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X-48B Blended Wing Body

X-48B Skyray Takeoff
A joint NASA/Boeing team completed the first phase of flight tests on the unique X-48B Blended Wing Body aircraft at NASA’s Dryden (now Armstrong) Flight Research Center at Edwards, California. The team completed the 80th and last flight of the project’s first phase on March 19, 2010.
NASA/Tony Landis

Boeing Phantom Works has partnered with NASA and the Air Force Research Laboratory to study the structural, aerodynamic, and operational advantages of the Blended Wing Body concept, a cross between a conventional plane and a flying wing design. The Air Force has designated the prototype the X-48B based on its interest in the design’s potential as a multi-role, long-range, high-capacity military transport aircraft. The 8.5%-scale, remotely piloted X-48B is dynamically scaled to fly much like the full-size aircraft would fly.

The chocolate-colored expanse of Rogers Dry Lake frames the sleek lines of the Boeing/NASA X-48B subscale demonstrator during a test flight at Edwards Air Force Base in California.

Following completion of installation of test instrumentation, one of two X-48B Blended Wing Body technology demonstrators began flight tests at NASA’s Dryden (now Armstrong) Flight Research Center in Edwards, California, in early 2007, and those tests continued into 2008. Researchers at NASA’s Langley Research Center in Hampton, Virginia, tested the second X-48B prototype aircraft in Langley’s historic full-scale wind tunnel in the spring of 2006, and the flight tests were intended in part to validate the results of those wind tunnel tests.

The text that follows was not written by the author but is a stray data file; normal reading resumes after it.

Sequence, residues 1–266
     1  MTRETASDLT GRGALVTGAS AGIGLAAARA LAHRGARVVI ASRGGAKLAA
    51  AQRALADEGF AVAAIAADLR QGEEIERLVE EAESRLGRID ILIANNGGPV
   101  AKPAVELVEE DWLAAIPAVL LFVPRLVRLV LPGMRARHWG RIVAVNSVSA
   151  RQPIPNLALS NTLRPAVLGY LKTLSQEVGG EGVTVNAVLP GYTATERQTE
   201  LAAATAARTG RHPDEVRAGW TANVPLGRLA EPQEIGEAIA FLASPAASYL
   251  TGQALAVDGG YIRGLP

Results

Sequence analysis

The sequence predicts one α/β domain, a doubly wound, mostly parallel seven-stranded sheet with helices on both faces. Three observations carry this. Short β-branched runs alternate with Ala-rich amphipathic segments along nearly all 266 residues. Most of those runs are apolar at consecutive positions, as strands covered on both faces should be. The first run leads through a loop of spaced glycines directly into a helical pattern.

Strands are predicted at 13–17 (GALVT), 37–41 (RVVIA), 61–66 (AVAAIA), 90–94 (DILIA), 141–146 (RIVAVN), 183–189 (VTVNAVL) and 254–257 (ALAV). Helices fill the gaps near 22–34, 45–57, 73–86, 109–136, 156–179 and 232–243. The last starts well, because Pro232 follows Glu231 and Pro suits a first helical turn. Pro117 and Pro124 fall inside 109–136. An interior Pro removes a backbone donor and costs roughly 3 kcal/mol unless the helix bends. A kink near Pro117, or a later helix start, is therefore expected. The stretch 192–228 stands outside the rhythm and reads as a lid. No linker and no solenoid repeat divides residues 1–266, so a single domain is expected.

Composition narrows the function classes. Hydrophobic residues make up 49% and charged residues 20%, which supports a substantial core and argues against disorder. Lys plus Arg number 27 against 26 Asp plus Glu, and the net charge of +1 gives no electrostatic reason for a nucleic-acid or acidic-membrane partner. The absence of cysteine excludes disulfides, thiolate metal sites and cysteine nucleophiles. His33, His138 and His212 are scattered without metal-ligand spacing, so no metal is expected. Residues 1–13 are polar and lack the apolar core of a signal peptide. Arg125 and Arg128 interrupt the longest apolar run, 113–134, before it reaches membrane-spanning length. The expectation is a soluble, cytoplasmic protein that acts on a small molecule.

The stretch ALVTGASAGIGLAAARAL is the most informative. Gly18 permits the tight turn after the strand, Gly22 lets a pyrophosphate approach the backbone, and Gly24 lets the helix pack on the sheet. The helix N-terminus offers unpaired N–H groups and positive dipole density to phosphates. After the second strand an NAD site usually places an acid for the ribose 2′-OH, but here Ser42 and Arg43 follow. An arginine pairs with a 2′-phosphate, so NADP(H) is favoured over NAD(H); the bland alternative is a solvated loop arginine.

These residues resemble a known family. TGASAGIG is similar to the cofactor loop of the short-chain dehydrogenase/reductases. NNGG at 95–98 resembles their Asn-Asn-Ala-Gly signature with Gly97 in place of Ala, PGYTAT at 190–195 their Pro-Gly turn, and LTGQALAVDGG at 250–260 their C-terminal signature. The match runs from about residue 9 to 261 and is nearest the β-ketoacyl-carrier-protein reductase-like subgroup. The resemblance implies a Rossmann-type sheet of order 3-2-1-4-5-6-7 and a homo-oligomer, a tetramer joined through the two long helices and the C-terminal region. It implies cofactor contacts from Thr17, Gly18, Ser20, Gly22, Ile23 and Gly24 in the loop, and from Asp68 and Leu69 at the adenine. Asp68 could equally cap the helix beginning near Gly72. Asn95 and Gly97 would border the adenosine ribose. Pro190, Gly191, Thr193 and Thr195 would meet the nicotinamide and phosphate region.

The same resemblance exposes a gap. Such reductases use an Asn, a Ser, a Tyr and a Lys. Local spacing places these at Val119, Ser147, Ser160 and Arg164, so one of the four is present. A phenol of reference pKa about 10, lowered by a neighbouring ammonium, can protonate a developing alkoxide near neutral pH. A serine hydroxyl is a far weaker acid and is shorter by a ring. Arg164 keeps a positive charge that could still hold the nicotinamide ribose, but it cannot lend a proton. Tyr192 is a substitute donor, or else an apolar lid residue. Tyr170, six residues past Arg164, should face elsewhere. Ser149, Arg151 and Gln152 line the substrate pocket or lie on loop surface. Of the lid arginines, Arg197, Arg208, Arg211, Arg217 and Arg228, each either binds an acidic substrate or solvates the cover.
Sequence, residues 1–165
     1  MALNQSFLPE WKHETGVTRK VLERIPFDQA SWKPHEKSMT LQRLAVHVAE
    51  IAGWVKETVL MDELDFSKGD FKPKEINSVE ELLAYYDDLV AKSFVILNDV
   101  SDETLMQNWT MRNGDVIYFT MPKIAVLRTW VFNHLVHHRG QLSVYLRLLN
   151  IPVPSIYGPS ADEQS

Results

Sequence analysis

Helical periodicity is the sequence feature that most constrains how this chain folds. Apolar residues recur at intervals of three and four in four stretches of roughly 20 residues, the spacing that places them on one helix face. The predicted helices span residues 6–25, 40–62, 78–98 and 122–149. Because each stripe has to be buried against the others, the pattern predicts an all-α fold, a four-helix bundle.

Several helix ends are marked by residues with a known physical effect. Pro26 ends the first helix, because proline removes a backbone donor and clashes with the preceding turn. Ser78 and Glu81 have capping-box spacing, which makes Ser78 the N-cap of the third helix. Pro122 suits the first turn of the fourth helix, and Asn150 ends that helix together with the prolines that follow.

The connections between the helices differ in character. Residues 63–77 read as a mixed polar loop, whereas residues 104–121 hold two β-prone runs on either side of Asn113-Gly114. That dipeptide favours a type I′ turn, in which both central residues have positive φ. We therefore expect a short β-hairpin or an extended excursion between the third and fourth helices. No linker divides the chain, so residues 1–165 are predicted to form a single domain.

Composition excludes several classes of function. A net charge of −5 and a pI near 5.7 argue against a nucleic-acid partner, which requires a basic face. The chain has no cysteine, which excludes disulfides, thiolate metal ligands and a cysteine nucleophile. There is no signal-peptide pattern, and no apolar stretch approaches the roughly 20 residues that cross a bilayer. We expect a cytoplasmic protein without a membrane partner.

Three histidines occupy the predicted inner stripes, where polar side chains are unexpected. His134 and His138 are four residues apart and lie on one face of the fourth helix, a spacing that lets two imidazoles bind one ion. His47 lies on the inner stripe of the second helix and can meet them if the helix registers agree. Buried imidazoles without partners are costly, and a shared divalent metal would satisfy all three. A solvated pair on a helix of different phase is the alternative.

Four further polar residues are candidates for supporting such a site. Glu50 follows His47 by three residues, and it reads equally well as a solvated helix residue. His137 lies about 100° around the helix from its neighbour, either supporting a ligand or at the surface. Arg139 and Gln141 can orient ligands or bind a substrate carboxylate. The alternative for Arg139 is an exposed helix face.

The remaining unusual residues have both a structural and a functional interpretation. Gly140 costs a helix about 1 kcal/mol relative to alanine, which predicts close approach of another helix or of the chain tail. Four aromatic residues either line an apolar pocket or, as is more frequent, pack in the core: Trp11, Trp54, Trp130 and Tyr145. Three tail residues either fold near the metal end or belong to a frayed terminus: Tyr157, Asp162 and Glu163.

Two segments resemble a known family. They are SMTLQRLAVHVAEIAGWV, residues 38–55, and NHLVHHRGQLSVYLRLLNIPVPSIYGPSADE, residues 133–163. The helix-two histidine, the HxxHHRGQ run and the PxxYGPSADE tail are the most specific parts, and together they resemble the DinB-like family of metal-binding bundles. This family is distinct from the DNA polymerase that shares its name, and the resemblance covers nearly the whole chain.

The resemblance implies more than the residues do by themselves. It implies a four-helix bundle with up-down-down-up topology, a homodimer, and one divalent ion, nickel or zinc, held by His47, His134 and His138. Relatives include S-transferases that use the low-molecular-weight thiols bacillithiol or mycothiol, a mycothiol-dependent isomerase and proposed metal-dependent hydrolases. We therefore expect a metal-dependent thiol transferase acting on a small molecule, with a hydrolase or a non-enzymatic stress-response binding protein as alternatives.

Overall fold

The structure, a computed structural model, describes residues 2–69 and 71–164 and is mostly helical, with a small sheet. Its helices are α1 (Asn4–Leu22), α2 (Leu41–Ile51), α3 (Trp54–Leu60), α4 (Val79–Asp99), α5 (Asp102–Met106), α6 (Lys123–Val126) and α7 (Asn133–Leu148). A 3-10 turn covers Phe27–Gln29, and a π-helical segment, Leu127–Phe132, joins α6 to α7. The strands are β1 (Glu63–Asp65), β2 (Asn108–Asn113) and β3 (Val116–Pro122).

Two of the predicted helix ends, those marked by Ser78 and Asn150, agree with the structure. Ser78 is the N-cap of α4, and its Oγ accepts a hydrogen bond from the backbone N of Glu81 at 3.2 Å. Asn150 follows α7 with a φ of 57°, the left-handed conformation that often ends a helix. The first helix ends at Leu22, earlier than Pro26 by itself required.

Advantages of the blended wing-body concept include high fuel efficiency, low noise and a large payload volume for the size of the aircraft. Flight testing at NASA Dryden focused on the low-speed, low-altitude flight characteristics of the blended wing-body configuration, including engine-out control, stall characteristics and handling qualities. The short flight test program is intended to demonstrate that the novel design can be flown as safely as current transports having a traditional fuselage, wings, and tail configuration.

Blended Wing Body on the desert floor.
Boeing’s X-48B Blended Wing Body technology demonstrator shows off its unique lines at sunset on Rogers Dry Lake adjacent to NASA’s Armstrong Flight Research Center in Edwards, California.

The two X-48B Blended Wing Body technology demonstration aircraft were built by Cranfield Aerospace in the United Kingdom to Boeing’s specifications. The sub-scale prototypes have a wingspan of 20.4 feet, with prominent vertical fins and rudders at the wingtips and elevons along the trailing edges of the wings. The 523-pound gross weight aircraft are powered by three small model aircraft turbojet engines providing a maximum combined thrust of about 160 pounds. The X-48B has an estimated top airspeed of 118 knots (139 mph), a maximum altitude of about 10,000 feet and a flight duration of about 40 minutes.